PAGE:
Wednesday, September 24, 2014

Cleaning a Sheep Fleece 101




 I've been spending the last few days hurriedly preparing three sheep fleeces to be sent to a local mill on Friday. The hurry, was in part, because the rain is due to come tonight and it's uncertain how long it will last. I dry my fleece outside so sunshine is a necessity for this process.




This is not everyone's cup of tea, but I personally love sorting through a fleece, skirting it (removing the  poopy dreaded edges), putting out burrs and bits of hay, and generally making a nice clean pile of wool. Fingers will build up a film of dirt and poop and the smell of lanolin is strong, but it's somehow deeply satisfying. As a woman, it seems this is engrained in my genes- to clean, spin and knit a fleece. I know, I know, men were the original spinners…



Once the farm debris and dreaded poopy bits are removed, it's time to put it in the wash! You need a top-loading machine to do this. Also, lots of Dawn dish soap or another brand of soap that is known for it's grease-cutting quality.


Start to fill the machine with hot water and add about 1/3 cup of soap. This amount will clean the equivalent of 2-3 pounds of fleece, assuming that you skirted it well and removed the poopy wool. Put the fleece in the washer once the soap is mixed well with the water. 





The fleece will seem to fill the entire machine. I just push it down into the water or you can also use a stick to submerge it. Make sure the fleece is completely covered in water with some to spare. The water will turn brown and dirty-looking. Turn the water off on the machine and leave it sit for about 10-20 minutes. Don't wait much longer since lanolin will started to condense at around 110 degrees F, making it difficult to remove from the fiber. Then, after the waiting period of 10-20 minutes, turn the dial to the spin cycle. This will immediately drain the water out and dry out the fleece significantly. Don't worry, it won't felt the fleece.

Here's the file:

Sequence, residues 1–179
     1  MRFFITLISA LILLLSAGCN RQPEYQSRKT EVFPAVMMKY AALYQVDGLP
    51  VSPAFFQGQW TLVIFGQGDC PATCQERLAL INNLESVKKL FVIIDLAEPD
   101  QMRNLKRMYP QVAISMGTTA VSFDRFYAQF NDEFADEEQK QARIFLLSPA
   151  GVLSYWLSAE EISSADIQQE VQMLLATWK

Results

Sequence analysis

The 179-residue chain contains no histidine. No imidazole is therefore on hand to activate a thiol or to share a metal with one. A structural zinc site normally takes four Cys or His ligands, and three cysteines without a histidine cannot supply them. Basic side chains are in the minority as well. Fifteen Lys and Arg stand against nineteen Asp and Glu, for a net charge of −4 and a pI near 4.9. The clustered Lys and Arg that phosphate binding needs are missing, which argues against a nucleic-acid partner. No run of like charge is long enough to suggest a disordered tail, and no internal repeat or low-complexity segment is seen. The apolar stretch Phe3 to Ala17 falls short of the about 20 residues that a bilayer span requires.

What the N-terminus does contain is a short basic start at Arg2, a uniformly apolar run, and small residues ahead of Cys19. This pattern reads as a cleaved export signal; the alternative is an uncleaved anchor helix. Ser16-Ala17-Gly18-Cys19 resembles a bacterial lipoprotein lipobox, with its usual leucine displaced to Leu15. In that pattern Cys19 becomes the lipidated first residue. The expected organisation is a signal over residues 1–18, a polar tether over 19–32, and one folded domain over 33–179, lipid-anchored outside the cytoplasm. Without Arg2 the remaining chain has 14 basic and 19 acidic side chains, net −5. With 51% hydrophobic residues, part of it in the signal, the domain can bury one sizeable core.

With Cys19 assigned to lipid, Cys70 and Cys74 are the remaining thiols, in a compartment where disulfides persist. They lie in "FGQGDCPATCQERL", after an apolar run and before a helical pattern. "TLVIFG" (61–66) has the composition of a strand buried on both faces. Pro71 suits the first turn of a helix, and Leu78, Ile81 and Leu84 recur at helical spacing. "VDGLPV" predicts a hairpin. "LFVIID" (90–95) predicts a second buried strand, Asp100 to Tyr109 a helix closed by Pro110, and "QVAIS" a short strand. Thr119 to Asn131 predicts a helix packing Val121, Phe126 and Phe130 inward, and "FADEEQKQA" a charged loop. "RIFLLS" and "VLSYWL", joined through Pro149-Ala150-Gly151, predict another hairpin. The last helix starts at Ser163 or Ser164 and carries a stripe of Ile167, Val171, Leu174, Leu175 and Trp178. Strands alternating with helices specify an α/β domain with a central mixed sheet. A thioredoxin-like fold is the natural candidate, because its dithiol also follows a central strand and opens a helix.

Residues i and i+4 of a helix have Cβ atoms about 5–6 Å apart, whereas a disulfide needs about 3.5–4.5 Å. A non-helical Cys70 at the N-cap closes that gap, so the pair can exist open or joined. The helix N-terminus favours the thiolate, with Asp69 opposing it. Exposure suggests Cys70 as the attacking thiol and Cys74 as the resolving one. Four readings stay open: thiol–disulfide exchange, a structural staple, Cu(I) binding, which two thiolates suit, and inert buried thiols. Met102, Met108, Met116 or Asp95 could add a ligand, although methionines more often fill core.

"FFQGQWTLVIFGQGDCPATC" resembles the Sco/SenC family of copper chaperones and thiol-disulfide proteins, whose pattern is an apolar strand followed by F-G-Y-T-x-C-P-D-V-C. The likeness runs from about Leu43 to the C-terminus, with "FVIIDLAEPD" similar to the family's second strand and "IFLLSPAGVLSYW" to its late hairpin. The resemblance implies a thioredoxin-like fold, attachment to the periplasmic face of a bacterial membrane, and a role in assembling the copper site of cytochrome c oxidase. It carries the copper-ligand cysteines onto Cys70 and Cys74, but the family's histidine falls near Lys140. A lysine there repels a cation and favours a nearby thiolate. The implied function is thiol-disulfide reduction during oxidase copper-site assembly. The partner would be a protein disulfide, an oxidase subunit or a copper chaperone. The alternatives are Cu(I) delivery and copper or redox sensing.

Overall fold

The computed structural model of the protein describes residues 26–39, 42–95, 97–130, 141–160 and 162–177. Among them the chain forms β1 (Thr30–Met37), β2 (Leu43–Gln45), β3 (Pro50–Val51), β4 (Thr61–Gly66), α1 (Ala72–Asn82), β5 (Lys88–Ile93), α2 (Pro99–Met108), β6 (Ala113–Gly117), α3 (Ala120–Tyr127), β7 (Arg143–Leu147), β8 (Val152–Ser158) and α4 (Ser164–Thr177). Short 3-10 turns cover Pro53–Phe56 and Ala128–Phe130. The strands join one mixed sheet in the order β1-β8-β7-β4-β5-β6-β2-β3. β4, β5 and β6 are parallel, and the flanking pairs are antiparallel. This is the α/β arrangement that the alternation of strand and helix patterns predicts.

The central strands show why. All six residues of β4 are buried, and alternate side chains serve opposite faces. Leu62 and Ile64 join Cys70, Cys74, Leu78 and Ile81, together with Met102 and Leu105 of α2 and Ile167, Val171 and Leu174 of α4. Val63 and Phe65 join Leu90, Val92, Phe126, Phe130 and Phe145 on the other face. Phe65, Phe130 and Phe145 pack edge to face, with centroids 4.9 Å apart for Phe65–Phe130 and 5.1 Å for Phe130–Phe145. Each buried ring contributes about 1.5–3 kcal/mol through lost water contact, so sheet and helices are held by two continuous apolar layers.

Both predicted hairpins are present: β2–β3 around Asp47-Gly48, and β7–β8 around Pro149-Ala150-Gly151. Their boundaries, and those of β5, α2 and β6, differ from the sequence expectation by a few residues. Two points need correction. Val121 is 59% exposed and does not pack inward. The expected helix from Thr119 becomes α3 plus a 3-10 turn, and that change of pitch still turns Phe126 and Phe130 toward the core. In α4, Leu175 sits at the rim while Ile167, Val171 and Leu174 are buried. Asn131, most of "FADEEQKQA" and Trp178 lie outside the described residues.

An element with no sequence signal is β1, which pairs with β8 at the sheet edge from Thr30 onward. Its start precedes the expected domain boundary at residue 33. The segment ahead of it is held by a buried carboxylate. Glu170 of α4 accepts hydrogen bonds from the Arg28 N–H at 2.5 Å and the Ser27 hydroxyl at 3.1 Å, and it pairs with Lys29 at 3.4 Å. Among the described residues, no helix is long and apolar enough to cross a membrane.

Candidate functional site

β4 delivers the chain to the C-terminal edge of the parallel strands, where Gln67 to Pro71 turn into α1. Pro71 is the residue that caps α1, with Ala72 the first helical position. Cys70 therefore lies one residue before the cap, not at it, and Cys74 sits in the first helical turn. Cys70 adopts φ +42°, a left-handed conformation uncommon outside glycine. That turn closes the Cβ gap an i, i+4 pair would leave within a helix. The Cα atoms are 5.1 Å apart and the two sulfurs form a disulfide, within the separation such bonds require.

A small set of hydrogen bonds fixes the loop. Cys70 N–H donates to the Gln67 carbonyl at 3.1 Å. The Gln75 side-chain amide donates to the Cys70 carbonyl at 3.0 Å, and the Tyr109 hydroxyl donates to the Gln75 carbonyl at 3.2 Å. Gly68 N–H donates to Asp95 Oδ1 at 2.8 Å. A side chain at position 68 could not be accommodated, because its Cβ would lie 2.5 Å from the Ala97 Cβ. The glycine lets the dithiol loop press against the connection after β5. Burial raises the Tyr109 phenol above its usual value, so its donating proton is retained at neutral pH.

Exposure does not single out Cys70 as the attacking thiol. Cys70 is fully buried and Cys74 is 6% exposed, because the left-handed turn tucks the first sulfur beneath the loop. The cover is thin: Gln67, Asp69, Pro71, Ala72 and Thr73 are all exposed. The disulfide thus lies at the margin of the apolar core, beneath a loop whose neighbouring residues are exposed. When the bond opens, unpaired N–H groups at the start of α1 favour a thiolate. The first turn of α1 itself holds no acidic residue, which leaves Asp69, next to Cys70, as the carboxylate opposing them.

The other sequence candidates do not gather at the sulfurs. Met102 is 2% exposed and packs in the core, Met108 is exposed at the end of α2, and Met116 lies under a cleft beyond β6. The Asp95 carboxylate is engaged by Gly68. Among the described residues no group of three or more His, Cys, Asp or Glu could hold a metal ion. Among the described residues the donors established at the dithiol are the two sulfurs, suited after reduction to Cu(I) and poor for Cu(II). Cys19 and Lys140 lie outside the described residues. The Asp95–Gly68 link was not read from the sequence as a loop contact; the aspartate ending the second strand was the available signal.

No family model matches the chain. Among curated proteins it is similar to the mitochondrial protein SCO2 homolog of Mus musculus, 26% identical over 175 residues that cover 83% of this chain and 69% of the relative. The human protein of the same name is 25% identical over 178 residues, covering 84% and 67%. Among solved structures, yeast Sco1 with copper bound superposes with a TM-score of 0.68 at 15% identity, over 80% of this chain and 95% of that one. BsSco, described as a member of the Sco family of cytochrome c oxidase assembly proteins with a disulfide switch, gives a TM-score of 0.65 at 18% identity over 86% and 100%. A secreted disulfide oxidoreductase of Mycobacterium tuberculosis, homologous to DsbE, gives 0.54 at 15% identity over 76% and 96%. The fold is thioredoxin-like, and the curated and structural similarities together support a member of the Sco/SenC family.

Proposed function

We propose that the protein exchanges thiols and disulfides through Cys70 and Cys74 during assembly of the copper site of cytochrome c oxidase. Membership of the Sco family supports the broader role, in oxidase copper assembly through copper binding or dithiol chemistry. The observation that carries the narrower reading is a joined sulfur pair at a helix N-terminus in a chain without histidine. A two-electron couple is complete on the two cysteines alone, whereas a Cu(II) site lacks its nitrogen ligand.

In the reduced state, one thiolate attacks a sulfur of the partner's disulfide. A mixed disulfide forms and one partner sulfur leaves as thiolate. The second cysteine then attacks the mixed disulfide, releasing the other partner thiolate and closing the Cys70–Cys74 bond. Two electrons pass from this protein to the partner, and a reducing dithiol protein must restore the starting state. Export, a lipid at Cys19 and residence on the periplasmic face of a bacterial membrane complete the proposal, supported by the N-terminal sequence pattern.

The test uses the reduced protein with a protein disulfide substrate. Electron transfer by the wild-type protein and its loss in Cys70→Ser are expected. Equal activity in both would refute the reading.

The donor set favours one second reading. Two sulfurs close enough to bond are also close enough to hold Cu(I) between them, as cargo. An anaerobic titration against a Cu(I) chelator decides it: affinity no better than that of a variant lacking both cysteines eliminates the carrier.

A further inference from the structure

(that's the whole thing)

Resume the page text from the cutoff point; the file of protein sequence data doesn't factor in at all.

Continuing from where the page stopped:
After this process, there may be some soap residue left. Since I'm taking my fleece to a mill to be further processed I filled the machine up a second time with hot water (sans soap), let it sit another 10 minutes and set it on spin again. Depending how much dirt and lanolin is in the fleece, you may want to repeat the process (with both soap and water) 2-4 times. My sheep, being Icelandic, have very little lanolin and this particular flock have the cleanest fleeces I've ever seen!


To finish the cleaning, I have a large metal table with lots of stamped holes in it, that the fleece gets spread out on. This makes the drying process quick as the airflow is reaching it from all sides. A regular table works fine as well but the fleece may need to be turned over to help release more moisture.


Another thing: I like to measure the staple length of the fiber before sending it off to the mill. If I do decide to sell the roving or batting, it's a nice and common detail to inform your customer with. Take one lock of wool and measure with a ruler.